Tarantino is a filmmaker who means so much to so many and, cheeringly, Django Unchained represents an emphatic return to form. Here he is operating well within his comfort zone. His previous work has made numerous nods to the western genre, so we’re in no doubt he knows it backwards, but this is far from mere cut-and-paste, and by wringing some genuine emotion from the stirring subject matter it even shows maturation as a filmmaker. Unfortunately and hugely unfairly, Django has already attracted controversy. Spike Lee has, very maturely, chosen to deride it while refusing to see it. Critics have focused on its sequences of ultra-violence (it's a western focusing on the slave trade from Quentin Tarantino - what were they expecting?) and on the frequent use of the word “nigger”, which is entirely era-appropriate.
Perhaps most surprisingly, it has been criticised for a perceived disrespect toward the issue of slavery. However, this is not a film which belittles the horror of slavery. Instead it's one that shows this explicitly, sincerely raging against the barbarism and injustice and taking considerable pleasure from Django's bloody vengeance. And it's hardly lacking in heart: Django’s relationship with Dr King Schultz is warm, humorous and delightful, and Washington as the much-abused Broomhilda ekes out crucial poignancy by playing it dead straight, as does Foxx himself. It seems Django Unchained's real crime is that it achieves all this and still manages to be terrific fun.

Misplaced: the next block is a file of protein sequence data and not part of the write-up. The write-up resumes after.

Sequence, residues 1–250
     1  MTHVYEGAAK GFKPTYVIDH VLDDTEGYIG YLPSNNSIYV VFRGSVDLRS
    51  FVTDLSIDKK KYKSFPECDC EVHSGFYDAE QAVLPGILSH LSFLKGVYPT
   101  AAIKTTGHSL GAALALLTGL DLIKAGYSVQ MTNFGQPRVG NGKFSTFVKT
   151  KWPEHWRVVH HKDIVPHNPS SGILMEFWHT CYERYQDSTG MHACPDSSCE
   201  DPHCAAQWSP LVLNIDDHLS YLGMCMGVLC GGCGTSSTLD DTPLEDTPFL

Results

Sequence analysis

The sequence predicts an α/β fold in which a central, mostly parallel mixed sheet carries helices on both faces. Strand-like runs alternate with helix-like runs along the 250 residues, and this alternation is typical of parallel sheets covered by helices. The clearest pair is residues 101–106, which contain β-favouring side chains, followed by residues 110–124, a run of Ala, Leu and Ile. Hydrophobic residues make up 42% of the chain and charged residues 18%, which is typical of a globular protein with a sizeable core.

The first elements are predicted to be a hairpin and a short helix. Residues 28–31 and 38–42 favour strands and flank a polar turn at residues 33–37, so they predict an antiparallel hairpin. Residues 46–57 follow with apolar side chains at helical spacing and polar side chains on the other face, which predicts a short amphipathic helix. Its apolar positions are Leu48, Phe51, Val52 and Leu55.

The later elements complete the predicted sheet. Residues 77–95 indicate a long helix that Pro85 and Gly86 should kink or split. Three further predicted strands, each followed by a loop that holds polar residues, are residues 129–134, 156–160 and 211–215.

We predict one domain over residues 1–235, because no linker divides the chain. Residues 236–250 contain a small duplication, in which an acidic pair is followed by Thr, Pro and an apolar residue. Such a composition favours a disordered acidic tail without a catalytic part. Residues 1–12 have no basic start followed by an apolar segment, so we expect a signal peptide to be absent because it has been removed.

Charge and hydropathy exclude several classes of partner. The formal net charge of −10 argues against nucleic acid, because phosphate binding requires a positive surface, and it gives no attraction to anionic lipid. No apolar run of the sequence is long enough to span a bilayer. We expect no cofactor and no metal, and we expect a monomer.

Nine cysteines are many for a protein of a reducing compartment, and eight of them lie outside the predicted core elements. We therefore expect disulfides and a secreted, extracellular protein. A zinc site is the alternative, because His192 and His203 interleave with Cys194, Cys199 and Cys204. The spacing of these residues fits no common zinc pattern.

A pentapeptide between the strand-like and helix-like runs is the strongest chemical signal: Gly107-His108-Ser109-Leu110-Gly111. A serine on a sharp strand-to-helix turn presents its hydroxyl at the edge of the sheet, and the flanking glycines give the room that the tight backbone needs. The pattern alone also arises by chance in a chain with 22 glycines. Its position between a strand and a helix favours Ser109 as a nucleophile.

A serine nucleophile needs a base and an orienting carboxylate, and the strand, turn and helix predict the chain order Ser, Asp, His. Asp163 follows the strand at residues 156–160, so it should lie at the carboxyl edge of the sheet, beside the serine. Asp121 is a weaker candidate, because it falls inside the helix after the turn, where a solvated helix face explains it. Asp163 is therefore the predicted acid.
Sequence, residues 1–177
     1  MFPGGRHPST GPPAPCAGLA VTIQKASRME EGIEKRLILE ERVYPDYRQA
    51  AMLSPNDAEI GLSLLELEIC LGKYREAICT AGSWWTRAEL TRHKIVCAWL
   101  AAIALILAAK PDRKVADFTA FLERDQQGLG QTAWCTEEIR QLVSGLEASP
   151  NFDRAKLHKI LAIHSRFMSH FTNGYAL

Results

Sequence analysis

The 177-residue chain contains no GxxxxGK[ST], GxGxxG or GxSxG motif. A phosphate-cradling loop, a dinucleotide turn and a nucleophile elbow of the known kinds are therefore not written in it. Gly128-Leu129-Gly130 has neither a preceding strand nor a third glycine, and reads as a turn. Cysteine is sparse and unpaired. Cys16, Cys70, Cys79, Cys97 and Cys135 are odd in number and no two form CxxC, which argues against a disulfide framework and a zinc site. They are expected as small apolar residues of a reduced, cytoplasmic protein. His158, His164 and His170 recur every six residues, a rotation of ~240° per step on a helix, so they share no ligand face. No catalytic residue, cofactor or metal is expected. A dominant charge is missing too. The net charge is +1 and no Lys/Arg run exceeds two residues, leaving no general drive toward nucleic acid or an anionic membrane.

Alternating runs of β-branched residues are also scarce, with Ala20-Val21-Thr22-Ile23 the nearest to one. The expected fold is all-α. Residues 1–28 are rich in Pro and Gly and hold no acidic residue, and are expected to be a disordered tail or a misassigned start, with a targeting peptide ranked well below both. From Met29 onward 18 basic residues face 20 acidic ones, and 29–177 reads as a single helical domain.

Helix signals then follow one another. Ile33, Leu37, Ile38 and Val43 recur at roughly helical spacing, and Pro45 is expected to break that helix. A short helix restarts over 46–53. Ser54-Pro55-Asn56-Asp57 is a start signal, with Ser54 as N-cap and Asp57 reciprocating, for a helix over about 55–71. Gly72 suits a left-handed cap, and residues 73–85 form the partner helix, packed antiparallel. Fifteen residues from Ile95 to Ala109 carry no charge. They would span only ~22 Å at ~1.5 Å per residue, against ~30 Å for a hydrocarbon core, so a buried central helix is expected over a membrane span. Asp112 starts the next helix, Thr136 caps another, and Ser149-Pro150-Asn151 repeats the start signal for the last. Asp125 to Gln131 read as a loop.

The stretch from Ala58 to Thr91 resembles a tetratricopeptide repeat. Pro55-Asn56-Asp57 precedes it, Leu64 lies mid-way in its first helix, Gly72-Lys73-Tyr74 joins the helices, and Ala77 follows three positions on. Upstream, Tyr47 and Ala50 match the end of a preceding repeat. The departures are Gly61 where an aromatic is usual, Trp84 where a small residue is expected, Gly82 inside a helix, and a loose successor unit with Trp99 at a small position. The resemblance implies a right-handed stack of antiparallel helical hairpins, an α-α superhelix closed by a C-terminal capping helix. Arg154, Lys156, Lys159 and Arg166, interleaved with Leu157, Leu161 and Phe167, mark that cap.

At 165-minutes is it a touch too long? Probably. Is there one ending too many? Sure. Did Tarantino really have to appear in it himself - complete with a terrible Australian accent? Hell no (though you’ll enjoy the outcome of that particular cameo). Yet these are minor quibbles, for here we have 2013's first must-see. Django Unchained swaggers into cinemas, a gun on each hip, cocked and ready, with as much renegade spirit as its 1960s inspiration. Believe the hype.
Watch the trailer for Django Unchained
Subscribe to theartsdesk.com
Thank you for continuing to read our work on theartsdesk.com. For unlimited access to every article in its entirety, including our archive of more than 10,000 pieces, we're asking for £2.95 per month or £25 per year. We feel it's a very good deal, and hope you do too.
To take an annual subscription now simply click here.
And if you're looking for that extra gift for a friend or family member, why not treat them to a theartsdesk.com gift subscription?
Bold epic of women's fight for the vote is flawed but unmissable
theartsdesk recommends the half-dozen top movies out now
Different sorts of daring during the LFF's first half
Stirring story of racism from pioneer of African cinema
Denis Villeneuve is at the helm and Emily Blunt at the fore of a brutal narco-war thriller
A not-so-Swinging Sixties in Joan Littlewood’s comedic yet fiercely political critique of so-called progress
As Suffragette opens the London Film Festival, its director reflects on a group of women ahead of their time
Outstanding documentary on ice hockey and politics charts changing mood of Russia
Alecky Blythe's documentary stage musical looks at home on the small screen
The Scottish play starring Michael Fassbender and Marion Cotillard marries spectacle to mumblecore
Pacino triumphs, despite questionable attempts to channel Neil Diamond
Challenging French film about engagement, or lack of it, in unsettling ocean environment